The first step in getting rid of worry is asking yourself, whom do you love? Do you love your stuff more, your drug more, your house more, your car more, your whatever more, or do you love God more? Later on, in what Jesus is teaching us here, he will say, “desire first and foremost God’s kingdom and God’s righteousness.” If you find yourself consumed or full of worry, ask yourself “whom do I love”?, “What or whom do I seek first.” Jesus places this question first, because he knows that commitment to the love of God and a relationship with God has to come first otherwise, there is nothing you can really do about your worry. The first step in getting rid of your worry is to ask yourself, “Whom do I love”? and if it is God, you can move to step two.
Then Jesus continues:
Isn’t life more than food and the body more than clothes? 26 Look at the birds in the sky. They don’t sow seed or harvest grain or gather crops into barns. Yet your heavenly Father feeds them. Aren’t you worth much more than they are? 27 Who among you by worrying can add a single moment to your life? 28 And why do you worry about clothes? Notice how the lilies in the field grow. They don’t wear themselves out with work, and they don’t spin cloth. 29 But I say to you that even Solomon in all of his splendor wasn’t dressed like one of these. 30 If God dresses grass in the field so beautifully, even though it’s alive today and tomorrow it’s thrown into the furnace, won’t God do much more for you, you people of weak faith? 31 Therefore, don’t worry and say, ‘What are we going to eat?’ or ‘What are we going to drink?’ or ‘What are we going to wear?’ 32 Gentiles long for all these things.
Once you love God, once you find that your trust is in God, only then does Jesus begin to teach about not worrying. He gives us examples from nature. He says the birds don’t labor for their food, yet God feeds them. Then he calls to mind the lilies in the field, beautiful flowers that do nothing to spin cloth for clothes to wear—yet God dresses them. God cares for things in intimate and caring ways. And it would be ridiculous for us to think of lilies or birds making a choice to trust God, but yet God still cares for them.
Then Jesus gives us list of common fears, common worries, common anxieties. As he does this, it’s almost as if he is asking you—what is it that troubles you? What fear is it that keeps you up at night. After you have answered the first question: “Whom do you love”?, the second step in getting rid of worry is to ask yourself, “What do you fear?” Once you know where your ultimate love and trust is, then it’s safe to name your fears. The proper ordering of love and fear is essential to overcoming anxiety. When you love God, we have this assurance that God will take care of your fear.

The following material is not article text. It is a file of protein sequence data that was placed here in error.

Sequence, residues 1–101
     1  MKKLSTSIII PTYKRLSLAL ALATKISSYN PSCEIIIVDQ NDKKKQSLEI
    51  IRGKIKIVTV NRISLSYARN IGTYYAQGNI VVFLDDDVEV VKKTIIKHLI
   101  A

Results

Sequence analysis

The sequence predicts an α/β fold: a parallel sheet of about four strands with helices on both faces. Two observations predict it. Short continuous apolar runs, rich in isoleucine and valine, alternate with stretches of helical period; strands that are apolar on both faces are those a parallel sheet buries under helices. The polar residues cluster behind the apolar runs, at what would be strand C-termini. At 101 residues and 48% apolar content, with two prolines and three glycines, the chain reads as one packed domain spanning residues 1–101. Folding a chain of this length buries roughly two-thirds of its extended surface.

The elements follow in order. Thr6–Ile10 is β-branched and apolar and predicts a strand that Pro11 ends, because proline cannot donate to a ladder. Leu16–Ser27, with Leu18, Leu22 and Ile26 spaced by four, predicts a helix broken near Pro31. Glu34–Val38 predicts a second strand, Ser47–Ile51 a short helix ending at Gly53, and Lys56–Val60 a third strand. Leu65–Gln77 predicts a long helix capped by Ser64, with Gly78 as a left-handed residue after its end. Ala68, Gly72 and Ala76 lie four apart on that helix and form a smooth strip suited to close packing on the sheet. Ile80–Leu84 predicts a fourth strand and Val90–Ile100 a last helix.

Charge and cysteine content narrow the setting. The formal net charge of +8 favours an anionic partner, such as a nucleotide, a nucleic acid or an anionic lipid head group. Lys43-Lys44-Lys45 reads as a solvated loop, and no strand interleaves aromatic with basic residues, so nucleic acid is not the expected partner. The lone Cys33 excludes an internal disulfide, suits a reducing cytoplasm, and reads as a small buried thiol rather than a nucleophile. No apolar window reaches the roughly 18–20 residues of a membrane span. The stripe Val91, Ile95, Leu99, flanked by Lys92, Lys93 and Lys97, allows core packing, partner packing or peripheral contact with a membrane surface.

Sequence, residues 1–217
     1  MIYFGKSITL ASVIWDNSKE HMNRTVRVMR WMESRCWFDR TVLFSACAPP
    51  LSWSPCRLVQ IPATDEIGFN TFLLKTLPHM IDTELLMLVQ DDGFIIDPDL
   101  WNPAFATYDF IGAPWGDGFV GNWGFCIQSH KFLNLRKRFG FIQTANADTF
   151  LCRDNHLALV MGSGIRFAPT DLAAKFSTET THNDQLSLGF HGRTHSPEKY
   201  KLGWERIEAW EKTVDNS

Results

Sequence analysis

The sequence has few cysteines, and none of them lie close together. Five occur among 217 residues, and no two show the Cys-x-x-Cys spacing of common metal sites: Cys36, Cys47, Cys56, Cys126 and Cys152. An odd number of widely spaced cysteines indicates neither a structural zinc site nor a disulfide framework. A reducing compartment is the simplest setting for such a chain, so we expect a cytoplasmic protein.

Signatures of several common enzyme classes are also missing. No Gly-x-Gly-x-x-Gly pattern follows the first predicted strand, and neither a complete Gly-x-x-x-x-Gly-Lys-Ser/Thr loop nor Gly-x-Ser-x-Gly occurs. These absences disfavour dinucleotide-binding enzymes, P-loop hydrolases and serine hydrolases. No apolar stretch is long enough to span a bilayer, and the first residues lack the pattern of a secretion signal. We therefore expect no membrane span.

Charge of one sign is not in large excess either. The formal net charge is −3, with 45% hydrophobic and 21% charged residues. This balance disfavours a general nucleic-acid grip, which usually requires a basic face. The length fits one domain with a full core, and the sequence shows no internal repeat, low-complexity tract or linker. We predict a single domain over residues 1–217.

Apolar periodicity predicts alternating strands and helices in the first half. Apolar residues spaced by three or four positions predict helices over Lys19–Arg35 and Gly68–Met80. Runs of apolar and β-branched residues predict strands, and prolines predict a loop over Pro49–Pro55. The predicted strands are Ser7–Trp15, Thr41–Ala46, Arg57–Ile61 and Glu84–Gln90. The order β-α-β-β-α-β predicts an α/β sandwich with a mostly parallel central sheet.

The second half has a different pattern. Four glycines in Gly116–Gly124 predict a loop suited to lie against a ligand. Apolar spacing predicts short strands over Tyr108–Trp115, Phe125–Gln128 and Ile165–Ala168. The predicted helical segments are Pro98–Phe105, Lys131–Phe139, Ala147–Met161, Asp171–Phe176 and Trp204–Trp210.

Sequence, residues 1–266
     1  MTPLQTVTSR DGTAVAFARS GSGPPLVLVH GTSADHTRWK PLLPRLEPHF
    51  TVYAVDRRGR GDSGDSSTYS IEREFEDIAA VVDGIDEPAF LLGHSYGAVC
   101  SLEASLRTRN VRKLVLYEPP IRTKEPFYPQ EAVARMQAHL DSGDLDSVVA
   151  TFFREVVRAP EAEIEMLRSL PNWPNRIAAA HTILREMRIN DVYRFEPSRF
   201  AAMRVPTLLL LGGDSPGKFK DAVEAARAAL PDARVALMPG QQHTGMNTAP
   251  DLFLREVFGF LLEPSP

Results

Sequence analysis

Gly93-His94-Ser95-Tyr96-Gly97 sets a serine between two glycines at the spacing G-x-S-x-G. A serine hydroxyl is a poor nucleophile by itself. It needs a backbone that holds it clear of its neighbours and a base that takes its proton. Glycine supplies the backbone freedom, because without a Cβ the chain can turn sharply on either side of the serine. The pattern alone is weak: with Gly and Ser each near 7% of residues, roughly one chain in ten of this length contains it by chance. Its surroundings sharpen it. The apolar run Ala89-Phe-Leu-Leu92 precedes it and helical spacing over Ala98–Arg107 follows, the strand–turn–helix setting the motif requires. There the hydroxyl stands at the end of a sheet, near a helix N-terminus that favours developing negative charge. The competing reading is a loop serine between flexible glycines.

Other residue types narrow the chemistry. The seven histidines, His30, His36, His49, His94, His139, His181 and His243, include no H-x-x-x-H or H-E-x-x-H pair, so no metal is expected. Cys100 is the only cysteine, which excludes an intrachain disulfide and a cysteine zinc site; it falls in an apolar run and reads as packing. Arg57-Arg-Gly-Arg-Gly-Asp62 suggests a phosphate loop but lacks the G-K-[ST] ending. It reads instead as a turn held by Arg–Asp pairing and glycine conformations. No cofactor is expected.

And that’s where step three comes in. I know that when you worry, it’s still not much help to just say, “don’t worry about it.” Because even if you intellectually agree, it doesn’t take the worry away; the worry is still there. So step three is, when you know whom you love (and its God) and know what you fear, give your fear to the one you love.
Your heavenly Father knows that you need them. 33 Instead, desire first and foremost God’s kingdom and God’s righteousness, and all these things will be given to you as well. 34 Therefore, stop worrying about tomorrow, because tomorrow will worry about itself. Each day has enough trouble of its own.
Friends, this doesn’t mean that there aren’t legitimate fears in life. This doesn’t mean there aren’t legitimate worries in life. This doesn’t even mean that you shouldn’t try to make things better or easier for your family. This doesn’t mean that if your family is in crisis you should just forget about it and put your head in the sand. Real challenges and real dangers are out and deserve to not be ignored. But the thing is, worrying and fretting about them doesn’t change their danger or what you might have to do.
Instead of fretting or worrying, when things pop up—give your fear over to the one you love in prayer. Because here is the thing, God is trustworthy and God true and God loves you more than you could ever know. God cares for the birds in the sky and lilies of the field and God cares for you. When worry strikes, ask yourself “whom do you love?” perhaps as a reminder that you love God, than ask yourself “what do you fear?”, then turn this fear over to God in prayer because God has promised to take it.
Even though turning your fear over to God will not magically change your circumstances, it will begin to take away your worry. Worry about what you need to do tomorrow or the next day will not make the challenges of tomorrow or the next day go away or disappear. Instead, if you turn over the worry to God, perhaps you will even be clearer in your thinking or action in what you will do or say to face the challenges.
These three steps to overcoming worry are things you can do in your daily life. You can even do these proactively—ask yourself in the morning, whom do I love today? Then as you walk through your day and fears pop up, as soon as you begin to worry begin turn them over to God in prayer.
And then on those nights when all you do is watch the clock and worries of worst case scenarios play on repeat in your head—remind yourself, whom do I love? What do I fear? And then pray to turn the fear over to God who loves you deeply. And this is the type of prayer that you want to fall asleep in the middle of, perhaps sleep means that you have been successful in allowing God to take the burden of worry from you.
Right now, I want to pray for you. I want to ask God to fill you with love and to take away whatever worry you give to God. To pray that when you give this worry to God that God will take it from you and grant you a sense of peace in contentment as you deal with whatever challenges that life places in front of you.
Decatur United Methodist Church
Our hope is that these messages will be relevant in your life and encourage you in faith.